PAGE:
As restrictions slowly start getting lifted around the country, a lot of us are getting the itch to go explore the outdoors. Whether you have a professional camera or a phone in your hand, here are my five tips for improving your photography skills this summer.
1. Shoot Things You Normally Wouldn’t Shoot
What kind of photos do you like to take? Do you enjoy snapping pics of sunrises at the beach? You might enjoy taking photos of seagulls flying by. Or maybe pictures of your friends at the beach. But have you ever tried laying down in the sand and taking of photos of shells really close? What about houses and buildings along the boardwalk? Whether you’re at the beach or not, the next time you’re out, try taking a moment to soak in your surroundings. Some of my favorite photos were from times when I tried taking pictures of something totally new.
I do this frequently during restaurant shoots. I typically get paid to take photos of the food. When a client reaches out to me, they usually say they’re revamping their menu and they need some new pictures of their dishes. When I arrive, I take pictures of their dishes like they asked. But I also look around the restaurant. What makes this restaurant unique? Does it have dark wood decor and limited windows? Are there a lot of windows and bright furniture? Looking at my surroundings not only helps me decide how I’m going to shoot photos of the food, but also gives me a chance to snap a couple unique photos of the establishment that I can include with the food photos. A lot of customers go to a restaurant or bar for the atmosphere, so including some photos of that atmosphere helps them promote on social media.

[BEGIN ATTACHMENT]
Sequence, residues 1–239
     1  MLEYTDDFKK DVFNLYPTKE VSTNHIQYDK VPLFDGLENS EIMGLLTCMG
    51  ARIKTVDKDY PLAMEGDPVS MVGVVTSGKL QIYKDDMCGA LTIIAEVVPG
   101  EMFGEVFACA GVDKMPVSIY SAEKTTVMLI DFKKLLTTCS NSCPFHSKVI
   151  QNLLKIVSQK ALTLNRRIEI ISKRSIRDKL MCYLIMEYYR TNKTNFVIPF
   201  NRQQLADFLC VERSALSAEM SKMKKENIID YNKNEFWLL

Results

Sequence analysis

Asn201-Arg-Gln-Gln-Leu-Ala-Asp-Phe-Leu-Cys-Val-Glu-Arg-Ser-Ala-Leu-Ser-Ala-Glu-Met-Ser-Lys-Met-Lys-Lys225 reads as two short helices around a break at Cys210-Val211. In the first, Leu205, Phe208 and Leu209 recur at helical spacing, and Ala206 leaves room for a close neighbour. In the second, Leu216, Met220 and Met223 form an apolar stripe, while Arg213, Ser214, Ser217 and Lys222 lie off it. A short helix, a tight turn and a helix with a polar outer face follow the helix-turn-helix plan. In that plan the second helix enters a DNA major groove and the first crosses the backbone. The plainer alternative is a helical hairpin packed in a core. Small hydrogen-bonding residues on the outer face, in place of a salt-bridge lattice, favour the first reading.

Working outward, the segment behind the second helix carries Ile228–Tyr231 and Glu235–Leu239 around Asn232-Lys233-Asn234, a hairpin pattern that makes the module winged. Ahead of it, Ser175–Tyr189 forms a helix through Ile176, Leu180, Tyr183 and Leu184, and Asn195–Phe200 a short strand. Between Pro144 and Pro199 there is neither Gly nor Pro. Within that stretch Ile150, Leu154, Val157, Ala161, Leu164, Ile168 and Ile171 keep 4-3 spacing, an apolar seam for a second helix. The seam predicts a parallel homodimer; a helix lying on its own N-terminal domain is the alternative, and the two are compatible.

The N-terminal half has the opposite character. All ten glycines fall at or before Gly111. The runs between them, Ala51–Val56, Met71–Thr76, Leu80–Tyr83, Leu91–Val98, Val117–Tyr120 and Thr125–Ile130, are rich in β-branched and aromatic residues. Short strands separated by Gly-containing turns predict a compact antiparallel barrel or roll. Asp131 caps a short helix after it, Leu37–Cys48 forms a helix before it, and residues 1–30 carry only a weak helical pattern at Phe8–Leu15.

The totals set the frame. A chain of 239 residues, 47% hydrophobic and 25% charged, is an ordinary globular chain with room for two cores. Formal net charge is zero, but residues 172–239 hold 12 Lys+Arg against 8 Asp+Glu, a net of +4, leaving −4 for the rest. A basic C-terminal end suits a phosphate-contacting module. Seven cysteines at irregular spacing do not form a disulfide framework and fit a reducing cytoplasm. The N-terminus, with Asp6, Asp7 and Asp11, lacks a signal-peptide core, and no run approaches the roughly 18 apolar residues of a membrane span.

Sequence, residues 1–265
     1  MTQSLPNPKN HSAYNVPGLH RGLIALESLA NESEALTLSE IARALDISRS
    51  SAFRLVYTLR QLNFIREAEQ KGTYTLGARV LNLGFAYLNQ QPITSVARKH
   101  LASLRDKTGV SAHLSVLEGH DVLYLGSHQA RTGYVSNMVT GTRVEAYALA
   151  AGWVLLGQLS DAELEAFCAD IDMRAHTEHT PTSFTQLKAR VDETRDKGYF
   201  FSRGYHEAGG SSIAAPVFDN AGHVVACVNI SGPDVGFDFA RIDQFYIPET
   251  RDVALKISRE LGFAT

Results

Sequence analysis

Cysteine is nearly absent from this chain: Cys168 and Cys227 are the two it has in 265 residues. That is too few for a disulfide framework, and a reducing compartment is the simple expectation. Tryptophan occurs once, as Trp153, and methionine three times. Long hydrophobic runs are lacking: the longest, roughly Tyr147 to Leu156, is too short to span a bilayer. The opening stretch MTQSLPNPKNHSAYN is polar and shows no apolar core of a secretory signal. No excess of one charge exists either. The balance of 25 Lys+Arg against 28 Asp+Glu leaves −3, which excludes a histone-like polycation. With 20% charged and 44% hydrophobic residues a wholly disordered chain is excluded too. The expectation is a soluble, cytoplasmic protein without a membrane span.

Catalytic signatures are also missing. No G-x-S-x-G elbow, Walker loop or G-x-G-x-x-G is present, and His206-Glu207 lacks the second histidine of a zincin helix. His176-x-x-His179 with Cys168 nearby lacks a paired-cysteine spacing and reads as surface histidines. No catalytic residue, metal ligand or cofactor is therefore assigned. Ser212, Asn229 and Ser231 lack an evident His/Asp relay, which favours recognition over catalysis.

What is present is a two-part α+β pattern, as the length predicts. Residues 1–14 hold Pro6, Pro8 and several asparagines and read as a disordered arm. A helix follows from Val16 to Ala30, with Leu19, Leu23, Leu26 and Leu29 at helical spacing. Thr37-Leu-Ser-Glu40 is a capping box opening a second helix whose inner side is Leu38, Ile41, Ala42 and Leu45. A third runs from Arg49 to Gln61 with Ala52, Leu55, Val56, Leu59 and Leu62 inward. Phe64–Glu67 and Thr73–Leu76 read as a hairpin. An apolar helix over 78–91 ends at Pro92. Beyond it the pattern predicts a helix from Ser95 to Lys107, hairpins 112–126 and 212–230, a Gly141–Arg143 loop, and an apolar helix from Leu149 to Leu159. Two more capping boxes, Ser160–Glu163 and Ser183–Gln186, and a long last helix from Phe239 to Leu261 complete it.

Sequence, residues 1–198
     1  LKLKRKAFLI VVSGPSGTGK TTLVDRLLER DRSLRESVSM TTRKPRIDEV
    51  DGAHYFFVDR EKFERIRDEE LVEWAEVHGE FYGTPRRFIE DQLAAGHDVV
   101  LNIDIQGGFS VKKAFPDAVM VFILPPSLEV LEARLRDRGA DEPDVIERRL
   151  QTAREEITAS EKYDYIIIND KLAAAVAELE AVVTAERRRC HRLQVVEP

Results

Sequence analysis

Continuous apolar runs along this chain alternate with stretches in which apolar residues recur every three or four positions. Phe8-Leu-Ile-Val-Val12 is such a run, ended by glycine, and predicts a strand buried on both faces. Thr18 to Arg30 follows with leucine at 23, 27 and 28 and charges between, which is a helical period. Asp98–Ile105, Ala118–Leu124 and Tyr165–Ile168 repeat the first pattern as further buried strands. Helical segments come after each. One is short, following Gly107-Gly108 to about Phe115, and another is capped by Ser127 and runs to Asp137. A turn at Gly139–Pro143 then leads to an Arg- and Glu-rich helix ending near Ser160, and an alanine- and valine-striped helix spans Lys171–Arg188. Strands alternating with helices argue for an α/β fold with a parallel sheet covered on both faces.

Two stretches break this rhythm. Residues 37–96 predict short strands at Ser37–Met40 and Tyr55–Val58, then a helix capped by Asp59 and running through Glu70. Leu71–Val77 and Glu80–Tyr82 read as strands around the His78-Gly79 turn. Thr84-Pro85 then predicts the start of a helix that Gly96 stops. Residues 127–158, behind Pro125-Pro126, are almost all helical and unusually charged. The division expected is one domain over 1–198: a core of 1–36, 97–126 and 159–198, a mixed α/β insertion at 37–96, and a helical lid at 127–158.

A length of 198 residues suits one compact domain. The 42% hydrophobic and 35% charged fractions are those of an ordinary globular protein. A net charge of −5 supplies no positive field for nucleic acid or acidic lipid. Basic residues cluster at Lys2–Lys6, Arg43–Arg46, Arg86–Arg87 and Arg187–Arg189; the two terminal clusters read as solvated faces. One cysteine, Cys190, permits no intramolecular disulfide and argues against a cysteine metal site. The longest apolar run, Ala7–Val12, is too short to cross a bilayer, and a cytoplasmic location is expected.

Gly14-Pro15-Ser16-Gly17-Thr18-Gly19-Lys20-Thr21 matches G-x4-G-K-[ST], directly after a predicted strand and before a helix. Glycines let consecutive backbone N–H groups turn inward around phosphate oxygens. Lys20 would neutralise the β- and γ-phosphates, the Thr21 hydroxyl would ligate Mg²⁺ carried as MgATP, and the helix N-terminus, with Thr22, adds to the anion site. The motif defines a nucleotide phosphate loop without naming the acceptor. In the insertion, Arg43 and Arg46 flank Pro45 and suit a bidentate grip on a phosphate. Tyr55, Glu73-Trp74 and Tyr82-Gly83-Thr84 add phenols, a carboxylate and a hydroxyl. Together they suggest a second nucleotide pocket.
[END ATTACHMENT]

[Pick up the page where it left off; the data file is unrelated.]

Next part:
The same can apply for when you’re out exploring this summer. When you visit a place you love, try capturing the atmosphere of what makes this place unique. Take pictures of everything. Don’t just stick with what you’re used to shooting (but also shoot those things too).